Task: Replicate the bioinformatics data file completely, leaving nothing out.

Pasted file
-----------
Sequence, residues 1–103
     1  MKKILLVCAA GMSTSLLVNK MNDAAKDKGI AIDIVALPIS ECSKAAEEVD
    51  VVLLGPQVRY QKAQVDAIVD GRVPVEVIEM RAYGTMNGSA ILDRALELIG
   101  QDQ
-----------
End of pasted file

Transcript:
Sequence, residues 1–103
     1  MKKILLVCAA GMSTSLLVNK MNDAAKDKGI AIDIVALPIS ECSKAAEEVD
    51  VVLLGPQVRY QKAQVDAIVD GRVPVEVIEM RAYGTMNGSA ILDRALELIG
   101  QDQ